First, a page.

Amos 5:21-24 in the Message: An Indictment

21-24“I can’t stand your religious meetings.
I’m fed up with your conferences and conventions.
I want nothing to do with your religion projects,
your pretentious slogans and goals.
I’m sick of your fund-raising schemes,
your public relations and image making.
I’ve had all I can take of your noisy ego-music.
When was the last time you sang to me?
Do you know what I want?
I want justice—oceans of it.
I want fairness—rivers of it.
That’s what I want. That’s all I want. (emphasis mine)

Now read Amos 5:21-24 in your NIV, ESV, NASB, NRSV, RSV, HCSB, or your Bible translation of choice.

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9 Responses to Amos 5:21-24 in the Message: An Indictment

  1. Jon Hughes says:

    Have to say, I love it!

    If one can lay aside one’s prejudices, “The Message” is a fantastic companion Bible to have alongside a more traditional rendering of God’s Word. If a preacher communicated the contemporary relevance of Amos 5:21-24 to today’s evangelicals from the pulpit the way Eugene Peterson has in “The Message”, we would be nodding our ‘amens’.

    I love Hebrews 12:3 in “The Message”: “When you find yourselves flagging in your faith, go over that story again… (it) will shoot adrenaline into your souls!”

  2. TC says:

    Yeah, it’s quite a refreshing read. I fully second your proposed use of “The Message.”

  3. Simon says:

    It is a little bit anachronistic… but I guess that’s the point – to say what the Scriptures might (emphasis on the word “might”) say to us today. There is also a bit of a evangelical bias against “religion” here. I know what the translator is trying to say and I do think it captures the gist of the original text. But we mustn’t think that organised religion is detestable to God in and of itself. I think Amos is speaking out against abuses, but we shouldn’t throw the baby out with the bath water, which I fear the audience of The Message might do. And in evangelical pop culture you see this theme of anti-religion with Mark Driscoll and Jeff Bethke amongst others.

    Me personally, I don’t read The Message. The key thing for me is that although the Scriptures are ancient and hard to understand in some places, the Church provides the framework in which we can understand them. That’s why I think publications that try to interpret the text like The Message do not necessarily take in the fullness of the Christian Tradition. Also other texts like the “Reading the Bible for all it’s worth” series also start from the wrong assumption – i.e. that an individual approaches the text alone. I really like Gordon Fee, but I disagree with his philosophy on how Scripture is to be understood. And this assumption is really behind The Message as well.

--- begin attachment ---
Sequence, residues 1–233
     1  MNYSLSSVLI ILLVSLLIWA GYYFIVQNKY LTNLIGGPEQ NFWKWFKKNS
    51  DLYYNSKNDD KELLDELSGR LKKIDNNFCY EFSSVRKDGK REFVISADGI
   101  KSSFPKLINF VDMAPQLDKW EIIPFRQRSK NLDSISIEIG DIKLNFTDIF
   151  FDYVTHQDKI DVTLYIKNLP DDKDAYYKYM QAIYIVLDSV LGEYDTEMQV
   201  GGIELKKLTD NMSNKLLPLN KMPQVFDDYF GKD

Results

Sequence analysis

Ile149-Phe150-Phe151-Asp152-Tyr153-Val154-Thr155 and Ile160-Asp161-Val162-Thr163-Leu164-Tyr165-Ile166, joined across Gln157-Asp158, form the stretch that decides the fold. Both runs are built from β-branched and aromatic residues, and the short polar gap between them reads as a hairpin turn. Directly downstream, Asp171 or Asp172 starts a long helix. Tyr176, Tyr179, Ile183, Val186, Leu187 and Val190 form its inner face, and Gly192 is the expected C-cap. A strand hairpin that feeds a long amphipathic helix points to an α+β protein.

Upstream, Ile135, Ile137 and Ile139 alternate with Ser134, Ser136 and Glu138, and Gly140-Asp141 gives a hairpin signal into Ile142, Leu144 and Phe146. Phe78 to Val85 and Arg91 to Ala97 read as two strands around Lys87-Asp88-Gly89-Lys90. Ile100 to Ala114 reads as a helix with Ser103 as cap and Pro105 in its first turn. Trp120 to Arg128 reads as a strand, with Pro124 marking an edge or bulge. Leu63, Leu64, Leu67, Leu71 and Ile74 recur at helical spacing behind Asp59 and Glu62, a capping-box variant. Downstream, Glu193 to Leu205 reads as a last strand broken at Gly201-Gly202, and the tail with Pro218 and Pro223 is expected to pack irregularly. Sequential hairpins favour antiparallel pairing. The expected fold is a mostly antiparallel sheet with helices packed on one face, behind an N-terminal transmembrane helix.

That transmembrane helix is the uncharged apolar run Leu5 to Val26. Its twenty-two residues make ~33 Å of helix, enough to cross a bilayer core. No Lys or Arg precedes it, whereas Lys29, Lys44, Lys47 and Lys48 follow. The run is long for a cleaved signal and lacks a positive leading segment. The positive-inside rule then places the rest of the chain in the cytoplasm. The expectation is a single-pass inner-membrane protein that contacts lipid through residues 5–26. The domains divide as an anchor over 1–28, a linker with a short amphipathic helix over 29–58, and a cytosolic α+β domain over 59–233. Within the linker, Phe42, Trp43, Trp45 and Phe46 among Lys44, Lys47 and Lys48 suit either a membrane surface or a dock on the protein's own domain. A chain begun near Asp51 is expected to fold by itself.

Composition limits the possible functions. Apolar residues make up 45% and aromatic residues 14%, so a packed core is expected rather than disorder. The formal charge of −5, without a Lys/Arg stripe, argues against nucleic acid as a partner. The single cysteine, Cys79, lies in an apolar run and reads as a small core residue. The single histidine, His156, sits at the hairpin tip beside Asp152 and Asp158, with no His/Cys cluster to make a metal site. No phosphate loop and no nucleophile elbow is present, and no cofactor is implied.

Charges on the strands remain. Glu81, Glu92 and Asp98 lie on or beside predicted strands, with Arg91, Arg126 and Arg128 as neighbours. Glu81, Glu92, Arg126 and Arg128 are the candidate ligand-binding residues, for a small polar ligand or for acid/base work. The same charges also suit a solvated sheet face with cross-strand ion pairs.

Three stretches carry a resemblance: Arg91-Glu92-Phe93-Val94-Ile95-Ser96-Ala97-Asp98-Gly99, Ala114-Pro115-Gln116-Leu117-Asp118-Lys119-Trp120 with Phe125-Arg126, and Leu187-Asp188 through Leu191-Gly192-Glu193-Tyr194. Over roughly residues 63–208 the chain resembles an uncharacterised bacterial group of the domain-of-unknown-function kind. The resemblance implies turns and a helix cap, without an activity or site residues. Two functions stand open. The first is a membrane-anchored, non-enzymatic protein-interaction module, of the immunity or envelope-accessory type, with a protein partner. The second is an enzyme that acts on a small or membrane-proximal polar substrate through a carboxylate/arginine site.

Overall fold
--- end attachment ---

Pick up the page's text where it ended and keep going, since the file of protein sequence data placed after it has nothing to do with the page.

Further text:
• TC says:

      Simon, what we find in the Message are simply the efforts of preachers to put the ancient text in contemporary–something preachers do every week (in fact, this is the history behind the Message).

      I see no difference between the Message and the more traditional Bible translations here. If the Message is anti-religion, so are our traditional texts. Look at Amos 5 again.

      Neither do I believe a Presbyterian like Eugene Peterson is advocating a divorcement from the broader Christian tradition.

      • Simon says:

        TC, I hear what you’re saying regarding Scripture being put in a contemporary context. I do think we have to be clear about what we are doing, which is why I try to stay away from para-phrases of the Scriptures. At least when a preacher is at the pulpit, there is some sort of distinction between what are his words and what is Scripture. I think this is somewhat blurred with quasi-translated texts like The Message. But then again, all translations involve interpretation, so I do take your point.

        I wasn’t criticizing the translation per se. You can see above that I think The Message probably captures what the original was trying to say. However, I was just warning against those who would use the passage as a blanket condemnation against organize religion. Driscoll does – except for his own organized church, where he assume absolute control. And many other contemporary evangelicals think this way too I believe.

        Perhaps you’re right about Presbyterian Peterson. But I would like more that just a “mere Tradition” 😉

  4. Jim Killion says:

    Timely & well said TC, a needed reminder.

  5. John Radcliffe says:

    Sometimes the Message really stops you in your tracks, and that to me is its value – but we should never mistake it for, or use it on its own instead of, a “standard” translation. My all-time favourite passage from the Message would have to be the following from Matthew 6:

    “The world is full of so-called prayer warriors who are prayer-ignorant. They’re full of formulas and programs and advice, peddling techniques for getting what you want from God. Don’t fall for that nonsense. This is your Father you are dealing with, and he knows better than you what you need. With a God like this loving you, you can pray very simply. Like this:”

    Of course, if we acted on sales of so-called “Christian books” would plummet. Not that that would be a bad thing.

  6. TC says:

    Simon: Now you see why it is so problematic to be in the pointing-fingers game when it comes to religion, unless we’re talking clear heterodoxy here – so I’m with you, my friend.

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